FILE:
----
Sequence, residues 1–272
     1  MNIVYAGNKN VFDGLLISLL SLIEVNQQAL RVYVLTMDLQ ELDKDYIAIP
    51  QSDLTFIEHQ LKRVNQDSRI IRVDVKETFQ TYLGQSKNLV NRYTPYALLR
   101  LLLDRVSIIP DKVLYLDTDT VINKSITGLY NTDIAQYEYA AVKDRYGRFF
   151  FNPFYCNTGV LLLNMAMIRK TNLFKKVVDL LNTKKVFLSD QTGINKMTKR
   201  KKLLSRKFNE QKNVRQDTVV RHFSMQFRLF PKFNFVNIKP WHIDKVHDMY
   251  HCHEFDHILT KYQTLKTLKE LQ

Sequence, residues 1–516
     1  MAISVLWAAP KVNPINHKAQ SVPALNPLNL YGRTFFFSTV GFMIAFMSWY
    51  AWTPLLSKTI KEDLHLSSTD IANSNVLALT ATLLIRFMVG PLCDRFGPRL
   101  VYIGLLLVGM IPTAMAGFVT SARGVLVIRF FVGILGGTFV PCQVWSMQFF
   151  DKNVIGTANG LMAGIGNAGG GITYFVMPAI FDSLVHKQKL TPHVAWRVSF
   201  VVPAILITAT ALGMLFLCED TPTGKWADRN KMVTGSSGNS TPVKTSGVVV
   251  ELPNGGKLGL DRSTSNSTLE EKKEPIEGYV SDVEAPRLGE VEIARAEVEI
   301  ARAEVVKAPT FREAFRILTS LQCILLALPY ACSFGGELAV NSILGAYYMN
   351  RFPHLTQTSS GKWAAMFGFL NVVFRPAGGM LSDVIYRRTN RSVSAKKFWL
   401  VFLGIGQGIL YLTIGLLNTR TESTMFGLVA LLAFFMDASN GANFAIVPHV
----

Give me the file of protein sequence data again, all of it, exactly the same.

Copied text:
Sequence, residues 1–272
     1  MNIVYAGNKN VFDGLLISLL SLIEVNQQAL RVYVLTMDLQ ELDKDYIAIP
    51  QSDLTFIEHQ LKRVNQDSRI IRVDVKETFQ TYLGQSKNLV NRYTPYALLR
   101  LLLDRVSIIP DKVLYLDTDT VINKSITGLY NTDIAQYEYA AVKDRYGRFF
   151  FNPFYCNTGV LLLNMAMIRK TNLFKKVVDL LNTKKVFLSD QTGINKMTKR
   201  KKLLSRKFNE QKNVRQDTVV RHFSMQFRLF PKFNFVNIKP WHIDKVHDMY
   251  HCHEFDHILT KYQTLKTLKE LQ

Sequence, residues 1–516
     1  MAISVLWAAP KVNPINHKAQ SVPALNPLNL YGRTFFFSTV GFMIAFMSWY
    51  AWTPLLSKTI KEDLHLSSTD IANSNVLALT ATLLIRFMVG PLCDRFGPRL
   101  VYIGLLLVGM IPTAMAGFVT SARGVLVIRF FVGILGGTFV PCQVWSMQFF
   151  DKNVIGTANG LMAGIGNAGG GITYFVMPAI FDSLVHKQKL TPHVAWRVSF
   201  VVPAILITAT ALGMLFLCED TPTGKWADRN KMVTGSSGNS TPVKTSGVVV
   251  ELPNGGKLGL DRSTSNSTLE EKKEPIEGYV SDVEAPRLGE VEIARAEVEI
   301  ARAEVVKAPT FREAFRILTS LQCILLALPY ACSFGGELAV NSILGAYYMN
   351  RFPHLTQTSS GKWAAMFGFL NVVFRPAGGM LSDVIYRRTN RSVSAKKFWL
   401  VFLGIGQGIL YLTIGLLNTR TESTMFGLVA LLAFFMDASN GANFAIVPHV